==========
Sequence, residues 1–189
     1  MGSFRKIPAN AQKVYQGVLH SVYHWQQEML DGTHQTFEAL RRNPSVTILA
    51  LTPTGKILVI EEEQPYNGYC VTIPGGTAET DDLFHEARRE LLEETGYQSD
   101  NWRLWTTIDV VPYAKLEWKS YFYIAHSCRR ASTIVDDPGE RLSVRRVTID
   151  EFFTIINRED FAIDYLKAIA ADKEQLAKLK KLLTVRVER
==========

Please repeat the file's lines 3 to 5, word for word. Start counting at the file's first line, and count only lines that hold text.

    51  LTPTGKILVI EEEQPYNGYC VTIPGGTAET DDLFHEARRE LLEETGYQSD
   101  NWRLWTTIDV VPYAKLEWKS YFYIAHSCRR ASTIVDDPGE RLSVRRVTID
   151  EFFTIINRED FAIDYLKAIA ADKEQLAKLK KLLTVRVER